Paramedics found a 50 year-old man in his apartment, disheveled and with altered mental status. Mildly hypothermic and hypotensive, he was brought into the emergency room where a brief initial cardiovascular physical survey found no pulmonary rales, wheezing, cardiac gallops or murmurs. The patient was intubated for airway protection.
A three-minute cardiovascular limited ultrasound exam (CLUE) using 2D imaging of six sites was performed at the bedside using a 3MHz transducer. The parasternal long axis left ventricular cardiac view demonstrated depressed LV systolic function and mild left atrial enlargement, suggesting congestive heart failure. A “four-corner” exam (two apical and two basal views) of the lung, quickly showed bilateral ultrasonic lung comet-tail artifacts (see figure 2) and pleural effusions, consistent with pulmonary oedema and chronic heart failure.
The subcostal view excluded a significant pericardial effusion indicative of tamponade, but demonstrated right ventricular enlargement, consistent with pulmonary hypertension. A midline abdominal scan showed a dilated intrahepatic inferior vena cava, suggesting ample central venous pressure and foundan abdominal aortic aneurysm consistent with advanced atherosclerosis (see figure 3).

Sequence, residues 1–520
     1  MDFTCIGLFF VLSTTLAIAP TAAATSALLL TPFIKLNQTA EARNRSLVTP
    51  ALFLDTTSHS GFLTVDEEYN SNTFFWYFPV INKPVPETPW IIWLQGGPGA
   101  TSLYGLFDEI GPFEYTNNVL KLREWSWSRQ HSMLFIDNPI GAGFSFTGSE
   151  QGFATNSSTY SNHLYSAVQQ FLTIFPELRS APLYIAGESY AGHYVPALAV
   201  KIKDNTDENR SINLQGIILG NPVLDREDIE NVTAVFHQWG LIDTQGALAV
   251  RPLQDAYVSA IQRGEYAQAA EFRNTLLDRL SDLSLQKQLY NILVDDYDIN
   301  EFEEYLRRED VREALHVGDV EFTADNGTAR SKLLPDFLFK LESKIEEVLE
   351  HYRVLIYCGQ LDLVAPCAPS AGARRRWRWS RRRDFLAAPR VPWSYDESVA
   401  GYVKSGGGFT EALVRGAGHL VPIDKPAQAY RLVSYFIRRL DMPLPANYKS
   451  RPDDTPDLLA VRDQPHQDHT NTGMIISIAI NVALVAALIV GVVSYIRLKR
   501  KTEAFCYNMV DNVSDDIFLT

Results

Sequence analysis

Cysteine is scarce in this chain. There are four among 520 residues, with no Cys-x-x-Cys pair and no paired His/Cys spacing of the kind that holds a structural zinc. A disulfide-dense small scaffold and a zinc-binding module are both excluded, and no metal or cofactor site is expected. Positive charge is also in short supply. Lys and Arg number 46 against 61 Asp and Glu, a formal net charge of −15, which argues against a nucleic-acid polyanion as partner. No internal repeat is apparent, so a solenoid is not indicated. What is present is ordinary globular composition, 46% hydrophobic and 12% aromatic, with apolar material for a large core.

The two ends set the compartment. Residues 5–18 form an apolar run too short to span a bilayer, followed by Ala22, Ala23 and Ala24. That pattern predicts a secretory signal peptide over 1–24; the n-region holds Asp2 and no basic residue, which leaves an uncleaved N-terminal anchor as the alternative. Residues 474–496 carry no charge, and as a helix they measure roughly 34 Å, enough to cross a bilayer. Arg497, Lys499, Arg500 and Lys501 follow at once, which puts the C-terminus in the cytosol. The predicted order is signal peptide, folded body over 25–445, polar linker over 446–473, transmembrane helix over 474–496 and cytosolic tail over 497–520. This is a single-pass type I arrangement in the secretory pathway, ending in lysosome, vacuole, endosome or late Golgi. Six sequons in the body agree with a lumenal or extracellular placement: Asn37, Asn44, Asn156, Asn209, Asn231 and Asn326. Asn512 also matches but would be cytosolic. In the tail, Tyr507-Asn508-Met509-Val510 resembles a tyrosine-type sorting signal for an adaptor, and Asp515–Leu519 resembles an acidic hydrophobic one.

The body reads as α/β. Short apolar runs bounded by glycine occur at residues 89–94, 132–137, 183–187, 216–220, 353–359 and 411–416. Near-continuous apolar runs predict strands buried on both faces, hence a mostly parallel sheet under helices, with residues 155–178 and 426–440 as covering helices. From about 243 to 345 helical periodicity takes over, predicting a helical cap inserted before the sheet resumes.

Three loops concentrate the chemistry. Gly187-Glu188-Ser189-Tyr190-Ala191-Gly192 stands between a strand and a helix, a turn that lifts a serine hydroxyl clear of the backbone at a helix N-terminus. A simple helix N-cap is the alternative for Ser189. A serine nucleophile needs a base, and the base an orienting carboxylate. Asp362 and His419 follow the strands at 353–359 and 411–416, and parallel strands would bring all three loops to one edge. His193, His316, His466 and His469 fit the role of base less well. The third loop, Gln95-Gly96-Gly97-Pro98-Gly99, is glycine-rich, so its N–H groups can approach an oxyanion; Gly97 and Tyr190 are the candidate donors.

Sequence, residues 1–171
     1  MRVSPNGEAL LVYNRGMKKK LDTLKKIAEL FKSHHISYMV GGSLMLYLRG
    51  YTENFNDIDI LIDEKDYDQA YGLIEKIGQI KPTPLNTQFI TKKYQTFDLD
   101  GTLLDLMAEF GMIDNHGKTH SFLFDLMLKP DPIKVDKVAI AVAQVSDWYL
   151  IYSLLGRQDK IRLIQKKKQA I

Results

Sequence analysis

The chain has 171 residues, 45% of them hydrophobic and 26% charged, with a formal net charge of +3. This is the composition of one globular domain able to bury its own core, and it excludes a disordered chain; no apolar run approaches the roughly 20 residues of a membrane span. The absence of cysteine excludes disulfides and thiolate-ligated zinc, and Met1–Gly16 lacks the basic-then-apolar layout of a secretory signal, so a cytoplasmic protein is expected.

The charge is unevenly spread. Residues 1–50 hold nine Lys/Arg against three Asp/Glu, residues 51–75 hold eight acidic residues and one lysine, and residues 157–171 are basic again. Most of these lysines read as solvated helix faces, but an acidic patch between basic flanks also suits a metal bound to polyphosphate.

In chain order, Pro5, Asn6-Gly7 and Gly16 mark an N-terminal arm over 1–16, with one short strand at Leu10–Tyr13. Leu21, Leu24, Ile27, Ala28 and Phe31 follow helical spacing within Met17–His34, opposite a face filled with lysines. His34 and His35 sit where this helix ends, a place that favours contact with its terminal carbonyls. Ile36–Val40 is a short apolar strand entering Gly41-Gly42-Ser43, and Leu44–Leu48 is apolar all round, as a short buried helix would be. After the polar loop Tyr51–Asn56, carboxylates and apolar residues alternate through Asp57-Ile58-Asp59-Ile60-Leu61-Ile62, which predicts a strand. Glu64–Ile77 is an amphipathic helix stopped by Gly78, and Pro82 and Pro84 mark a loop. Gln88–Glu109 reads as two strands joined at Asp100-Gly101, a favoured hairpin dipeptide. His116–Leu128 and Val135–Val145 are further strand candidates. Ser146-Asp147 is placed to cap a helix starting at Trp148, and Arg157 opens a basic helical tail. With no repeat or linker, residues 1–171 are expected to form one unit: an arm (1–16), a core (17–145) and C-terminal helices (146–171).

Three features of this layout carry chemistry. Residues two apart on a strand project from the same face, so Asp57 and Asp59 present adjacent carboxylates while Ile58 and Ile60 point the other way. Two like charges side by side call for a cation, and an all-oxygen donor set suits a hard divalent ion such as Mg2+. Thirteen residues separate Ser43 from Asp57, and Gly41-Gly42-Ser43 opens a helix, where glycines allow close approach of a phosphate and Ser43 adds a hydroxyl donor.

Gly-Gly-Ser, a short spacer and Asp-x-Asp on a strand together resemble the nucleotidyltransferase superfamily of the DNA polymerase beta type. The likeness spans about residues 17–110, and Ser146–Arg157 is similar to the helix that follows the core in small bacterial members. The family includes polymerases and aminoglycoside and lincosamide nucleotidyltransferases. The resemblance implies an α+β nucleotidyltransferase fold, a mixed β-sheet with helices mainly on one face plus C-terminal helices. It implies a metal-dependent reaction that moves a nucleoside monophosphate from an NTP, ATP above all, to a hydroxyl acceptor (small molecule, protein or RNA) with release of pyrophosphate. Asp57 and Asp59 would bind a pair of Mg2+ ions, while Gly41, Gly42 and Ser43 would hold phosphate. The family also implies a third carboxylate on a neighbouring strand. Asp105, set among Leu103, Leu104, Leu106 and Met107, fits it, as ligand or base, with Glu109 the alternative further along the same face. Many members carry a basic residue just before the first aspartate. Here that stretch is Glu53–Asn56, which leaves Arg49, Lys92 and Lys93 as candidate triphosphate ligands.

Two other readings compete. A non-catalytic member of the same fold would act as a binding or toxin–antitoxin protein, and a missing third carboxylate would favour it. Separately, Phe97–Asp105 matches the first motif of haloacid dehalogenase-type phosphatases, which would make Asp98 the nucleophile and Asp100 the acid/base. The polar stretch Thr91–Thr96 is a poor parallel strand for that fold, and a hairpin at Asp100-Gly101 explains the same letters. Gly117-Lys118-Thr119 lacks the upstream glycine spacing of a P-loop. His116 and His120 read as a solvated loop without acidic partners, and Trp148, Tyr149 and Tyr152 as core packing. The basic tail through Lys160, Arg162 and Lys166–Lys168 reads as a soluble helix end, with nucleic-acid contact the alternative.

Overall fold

The patient underwent head, chest, abdominal and pelvic CT scanning, which were remarkable for subdural hygromas and a 5.5cm abdominal aortic aneurysm without signs of rupture. He was admitted to the intensive care unit where a 5MHz ultrasound venous exam was used to gain jugular venous access in the neck and then exclude subsequent pneumothorax by the presence of persistent lung sliding and comet-tail artifacts. Before venous compression stockings were applied, compression of the deep veins at femoral and popliteal sites was demonstrated by using the same ultrasound transducer.